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ACLU: President Trump’s ‘Religious Liberty’ Executive Order Has ‘No Discernible Policy Outcome’

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The American Civil Liberties Union is not that worried about President Trump’s new “religious liberty” executive order.

The civil rights group said Thursday it would not file a lawsuit against the president’s order aimed at weakening prohibitions on political activity by religious organizations because they believe it has “no discernible policy outcome.”

“Today’s executive order signing was an elaborate photo-op with no discernible policy outcome. After careful review of the order’s text we have determined that the order does not meaningfully alter the ability of religious institutions or individuals to intervene in the political process,” ACLU Executive Director Anthony D. Romero said in a statement.

While celebrating National Day of Prayer on Thursday, Trump signed the order, which asks the IRS to use “maximum enforcement discretion” on a rarely-applied regulation known as the Johnson Amendment. The amendment bans tax-exempt organizations like churches and other religious institutions from political speech and activities.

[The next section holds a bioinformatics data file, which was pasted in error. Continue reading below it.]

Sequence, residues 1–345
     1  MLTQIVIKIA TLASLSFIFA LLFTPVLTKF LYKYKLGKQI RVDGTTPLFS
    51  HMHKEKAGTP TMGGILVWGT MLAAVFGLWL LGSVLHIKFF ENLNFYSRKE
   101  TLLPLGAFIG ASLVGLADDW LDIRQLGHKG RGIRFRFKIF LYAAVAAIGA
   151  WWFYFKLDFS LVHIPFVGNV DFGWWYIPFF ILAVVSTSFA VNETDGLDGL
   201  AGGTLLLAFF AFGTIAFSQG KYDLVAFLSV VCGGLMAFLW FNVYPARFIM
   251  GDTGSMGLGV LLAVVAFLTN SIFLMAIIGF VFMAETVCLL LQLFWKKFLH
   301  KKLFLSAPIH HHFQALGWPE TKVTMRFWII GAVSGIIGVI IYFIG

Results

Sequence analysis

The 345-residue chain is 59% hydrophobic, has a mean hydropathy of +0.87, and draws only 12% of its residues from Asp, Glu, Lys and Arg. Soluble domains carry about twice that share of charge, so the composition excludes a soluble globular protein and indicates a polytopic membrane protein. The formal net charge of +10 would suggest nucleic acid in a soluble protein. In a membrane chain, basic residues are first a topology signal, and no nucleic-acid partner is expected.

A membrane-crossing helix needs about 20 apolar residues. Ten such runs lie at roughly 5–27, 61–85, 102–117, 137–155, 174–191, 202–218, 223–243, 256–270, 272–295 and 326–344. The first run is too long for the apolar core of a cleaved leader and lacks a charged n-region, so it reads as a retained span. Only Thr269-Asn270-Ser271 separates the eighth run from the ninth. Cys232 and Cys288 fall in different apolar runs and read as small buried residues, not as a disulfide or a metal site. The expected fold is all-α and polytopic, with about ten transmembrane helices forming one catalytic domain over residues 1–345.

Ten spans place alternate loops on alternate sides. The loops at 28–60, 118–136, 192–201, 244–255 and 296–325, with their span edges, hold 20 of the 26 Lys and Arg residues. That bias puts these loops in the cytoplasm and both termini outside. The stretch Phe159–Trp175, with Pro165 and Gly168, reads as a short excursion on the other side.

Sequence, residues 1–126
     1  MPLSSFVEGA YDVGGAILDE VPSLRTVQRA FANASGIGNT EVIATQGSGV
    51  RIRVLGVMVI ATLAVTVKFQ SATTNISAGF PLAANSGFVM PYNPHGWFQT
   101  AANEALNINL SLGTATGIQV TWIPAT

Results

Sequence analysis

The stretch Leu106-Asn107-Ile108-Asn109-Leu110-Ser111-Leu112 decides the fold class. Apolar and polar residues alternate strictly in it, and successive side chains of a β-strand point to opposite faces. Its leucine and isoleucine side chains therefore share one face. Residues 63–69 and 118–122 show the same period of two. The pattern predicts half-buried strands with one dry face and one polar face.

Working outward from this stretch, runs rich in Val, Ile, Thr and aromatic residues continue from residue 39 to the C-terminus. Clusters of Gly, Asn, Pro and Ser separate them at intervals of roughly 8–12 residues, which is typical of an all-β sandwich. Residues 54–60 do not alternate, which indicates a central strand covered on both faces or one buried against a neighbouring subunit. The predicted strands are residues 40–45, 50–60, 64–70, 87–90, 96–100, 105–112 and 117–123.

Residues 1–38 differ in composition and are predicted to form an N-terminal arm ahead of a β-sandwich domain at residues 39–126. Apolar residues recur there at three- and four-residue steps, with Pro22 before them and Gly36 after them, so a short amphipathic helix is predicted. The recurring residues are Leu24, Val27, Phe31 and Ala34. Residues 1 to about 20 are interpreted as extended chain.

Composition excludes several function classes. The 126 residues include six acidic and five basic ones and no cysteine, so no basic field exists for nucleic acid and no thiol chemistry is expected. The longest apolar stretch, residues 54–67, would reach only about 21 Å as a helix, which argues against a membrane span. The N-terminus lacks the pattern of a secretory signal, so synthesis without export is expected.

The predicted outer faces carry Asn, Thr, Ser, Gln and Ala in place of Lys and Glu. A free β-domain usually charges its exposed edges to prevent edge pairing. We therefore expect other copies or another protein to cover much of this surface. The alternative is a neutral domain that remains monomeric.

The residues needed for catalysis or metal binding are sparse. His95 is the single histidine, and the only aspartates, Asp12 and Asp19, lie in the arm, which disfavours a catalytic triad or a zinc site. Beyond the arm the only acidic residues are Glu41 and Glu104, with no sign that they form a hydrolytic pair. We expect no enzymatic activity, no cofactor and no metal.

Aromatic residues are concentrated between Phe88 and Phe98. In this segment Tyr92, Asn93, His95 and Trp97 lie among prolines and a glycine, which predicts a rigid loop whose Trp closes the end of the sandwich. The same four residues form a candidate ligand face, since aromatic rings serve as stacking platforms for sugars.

“This financial threat against the faith community is over,” Trump said in the White House Rose Garden. “No one should be censoring sermons or targeting pastors.”

During his campaign, Trump promised to repeal the Johnson Amendment. His executive order does not repeal the amendment, according to the Associated Press, but rather addresses enforcement and promises “regulatory relief” for groups with religious objections to requirements in the Affordable Care Act such as the mandate to pay for contraception.

“The directive to federal agencies to explore religious-based exceptions to healthcare does cue up a potential future battle, but as of now, the status quo has not changed,” Romero added in the statement. “What President Trump did today was merely provide a faux sop to religious conservatives and kick the can down the road on religious exemptions on reproductive health care services.”

The ACLU said that while it has chosen not to sue the Trump administration right now, it will sue his administration if the order triggers any future government action.

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Write to Abigail Abrams at abigail.abrams@time.com